Republican U.S. Sen. Tim Scott on Monday said he is leaning against a bid for South Carolina governor in 2018.
“The more I pray, the more I am comfortable that where I am is where I want to be right now,” Scott said during a midday visit to Gaffney. “You’ve got to have fire to run (for governor). We are finding fire and that is staying (in the Senate).”
As for when he might consider a run for governor, Scott quipped, “Maybe in the year 2090.”
But Monday evening, Scott spokeswoman Michele Exner said that the senator had not reached a final decision about a gubernatorial bid.
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In November, the Post and Courier in Charleston first reported that Scott was mulling a bid for governor in 2018 with his friend and colleague U.S. Rep. Trey Gowdy as a running mate. He also said Gowdy would make a good federal judge. Scott said he would be praying for an answer.
A Gowdy spokeswoman has since said the Spartanburg Republican was focused on his role as congressman.
Scott and Gowdy were named to President-elect Donald Trump’s transition team last week.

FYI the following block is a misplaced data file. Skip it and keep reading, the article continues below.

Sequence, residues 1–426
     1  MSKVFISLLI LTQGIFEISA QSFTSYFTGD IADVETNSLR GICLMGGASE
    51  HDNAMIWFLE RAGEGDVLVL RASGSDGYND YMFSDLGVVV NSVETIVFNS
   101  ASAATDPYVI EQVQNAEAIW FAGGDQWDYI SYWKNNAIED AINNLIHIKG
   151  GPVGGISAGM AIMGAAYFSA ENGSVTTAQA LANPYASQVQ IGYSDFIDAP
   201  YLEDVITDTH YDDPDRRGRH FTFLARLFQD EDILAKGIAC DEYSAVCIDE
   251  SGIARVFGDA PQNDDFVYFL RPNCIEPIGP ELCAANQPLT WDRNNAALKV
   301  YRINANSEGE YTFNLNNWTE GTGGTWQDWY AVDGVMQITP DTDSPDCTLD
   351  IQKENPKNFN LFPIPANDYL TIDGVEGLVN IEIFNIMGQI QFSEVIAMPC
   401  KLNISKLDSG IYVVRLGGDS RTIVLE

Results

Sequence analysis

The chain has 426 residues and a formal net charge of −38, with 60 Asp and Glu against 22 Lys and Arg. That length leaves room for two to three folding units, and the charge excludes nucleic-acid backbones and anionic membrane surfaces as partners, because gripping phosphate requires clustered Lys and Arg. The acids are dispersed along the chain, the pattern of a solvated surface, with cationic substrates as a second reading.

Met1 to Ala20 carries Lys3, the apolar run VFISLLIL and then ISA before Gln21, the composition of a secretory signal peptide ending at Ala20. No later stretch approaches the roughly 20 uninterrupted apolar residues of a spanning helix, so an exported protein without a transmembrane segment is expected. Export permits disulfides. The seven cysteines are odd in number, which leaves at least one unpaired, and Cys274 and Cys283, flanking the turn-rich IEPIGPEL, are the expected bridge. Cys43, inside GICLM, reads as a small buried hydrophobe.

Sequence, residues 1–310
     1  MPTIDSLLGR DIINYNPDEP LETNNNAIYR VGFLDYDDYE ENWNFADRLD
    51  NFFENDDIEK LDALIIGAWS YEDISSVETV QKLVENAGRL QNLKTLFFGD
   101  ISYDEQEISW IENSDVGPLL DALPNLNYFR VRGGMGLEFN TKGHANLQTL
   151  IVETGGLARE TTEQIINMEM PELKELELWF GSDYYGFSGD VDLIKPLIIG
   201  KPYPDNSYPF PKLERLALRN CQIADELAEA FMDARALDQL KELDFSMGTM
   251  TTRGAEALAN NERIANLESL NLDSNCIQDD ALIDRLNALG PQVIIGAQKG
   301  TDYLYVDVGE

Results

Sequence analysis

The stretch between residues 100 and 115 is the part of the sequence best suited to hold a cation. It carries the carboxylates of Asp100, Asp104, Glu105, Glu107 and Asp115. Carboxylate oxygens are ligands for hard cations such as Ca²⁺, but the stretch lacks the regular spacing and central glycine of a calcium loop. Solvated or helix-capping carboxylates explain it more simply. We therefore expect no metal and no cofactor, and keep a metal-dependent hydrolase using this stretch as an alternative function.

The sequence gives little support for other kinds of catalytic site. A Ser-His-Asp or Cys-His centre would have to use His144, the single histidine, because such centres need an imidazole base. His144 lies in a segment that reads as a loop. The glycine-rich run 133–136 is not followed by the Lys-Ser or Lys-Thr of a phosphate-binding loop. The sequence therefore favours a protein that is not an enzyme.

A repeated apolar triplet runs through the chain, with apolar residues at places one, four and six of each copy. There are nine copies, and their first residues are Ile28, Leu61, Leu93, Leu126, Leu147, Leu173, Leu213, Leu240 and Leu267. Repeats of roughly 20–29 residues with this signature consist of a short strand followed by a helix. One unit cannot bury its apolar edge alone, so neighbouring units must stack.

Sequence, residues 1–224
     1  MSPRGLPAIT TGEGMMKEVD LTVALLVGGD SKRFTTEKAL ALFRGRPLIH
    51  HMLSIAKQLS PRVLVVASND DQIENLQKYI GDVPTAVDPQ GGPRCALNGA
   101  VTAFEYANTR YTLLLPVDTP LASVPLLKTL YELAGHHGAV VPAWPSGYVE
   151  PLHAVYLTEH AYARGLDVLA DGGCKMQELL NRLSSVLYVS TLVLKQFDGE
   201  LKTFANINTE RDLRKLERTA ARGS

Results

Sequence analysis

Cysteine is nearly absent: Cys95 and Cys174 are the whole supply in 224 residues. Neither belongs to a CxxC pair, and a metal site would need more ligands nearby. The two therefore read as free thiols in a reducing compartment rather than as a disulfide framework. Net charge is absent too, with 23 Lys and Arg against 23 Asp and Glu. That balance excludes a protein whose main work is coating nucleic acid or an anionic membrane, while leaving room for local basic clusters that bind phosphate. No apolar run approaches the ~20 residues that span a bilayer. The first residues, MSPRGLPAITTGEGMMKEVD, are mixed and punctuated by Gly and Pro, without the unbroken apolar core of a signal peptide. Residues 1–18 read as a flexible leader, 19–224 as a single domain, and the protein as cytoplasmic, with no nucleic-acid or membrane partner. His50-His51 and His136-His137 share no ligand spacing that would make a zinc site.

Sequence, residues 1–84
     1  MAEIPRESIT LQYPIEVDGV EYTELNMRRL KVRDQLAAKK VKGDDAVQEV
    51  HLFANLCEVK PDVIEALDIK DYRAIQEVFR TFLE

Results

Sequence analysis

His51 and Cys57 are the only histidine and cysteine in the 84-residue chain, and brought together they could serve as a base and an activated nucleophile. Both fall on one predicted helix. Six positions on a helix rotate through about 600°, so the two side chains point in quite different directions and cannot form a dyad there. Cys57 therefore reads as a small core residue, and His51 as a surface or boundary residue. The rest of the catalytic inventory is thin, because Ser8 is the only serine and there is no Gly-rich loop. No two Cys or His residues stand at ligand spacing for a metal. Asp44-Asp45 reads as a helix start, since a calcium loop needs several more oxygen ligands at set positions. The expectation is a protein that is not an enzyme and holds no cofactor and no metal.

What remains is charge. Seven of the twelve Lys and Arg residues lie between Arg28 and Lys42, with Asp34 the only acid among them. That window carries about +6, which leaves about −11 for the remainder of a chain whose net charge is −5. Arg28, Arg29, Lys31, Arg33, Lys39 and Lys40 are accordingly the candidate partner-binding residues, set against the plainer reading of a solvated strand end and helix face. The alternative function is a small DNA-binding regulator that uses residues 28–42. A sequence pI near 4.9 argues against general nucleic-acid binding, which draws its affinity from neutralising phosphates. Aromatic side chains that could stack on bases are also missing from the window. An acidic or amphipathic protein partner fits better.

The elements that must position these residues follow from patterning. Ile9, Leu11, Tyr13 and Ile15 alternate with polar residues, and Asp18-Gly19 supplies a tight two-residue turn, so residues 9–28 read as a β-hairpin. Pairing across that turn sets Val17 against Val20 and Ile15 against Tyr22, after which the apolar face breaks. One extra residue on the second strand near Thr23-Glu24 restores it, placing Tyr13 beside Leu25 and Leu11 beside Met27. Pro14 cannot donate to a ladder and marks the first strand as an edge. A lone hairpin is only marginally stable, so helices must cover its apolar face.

Scott, who was in Gaffney as part of a 46-county tour of South Carolina, said he supports Trump’s nomination of Dr. Ben Carson as the next secretary of the U.S. Department of Housing and Urban Development. He said the retired neurosurgeon and former Trump opponent is qualified.
“I think he will be an excellent secretary of HUD,” Scott said. “We need surgery. People living in poverty deserve better than current conditions.”
Scott said he supports Trump’s plans to overturn an “onerous” regulation that raises the salary cap for all workers who must receive overtime pay.
A federal judge has put a hold on the rule, put forth by the Obama Administration to raise the salary cap from $23,660 a year to $47,476. Under the rule, companies would have had to either raise salaried employees’ earnings or reduce their hours to avoid paying them overtime.
Scott said the rule would lead to reduced hours and limit growth opportunities for employees.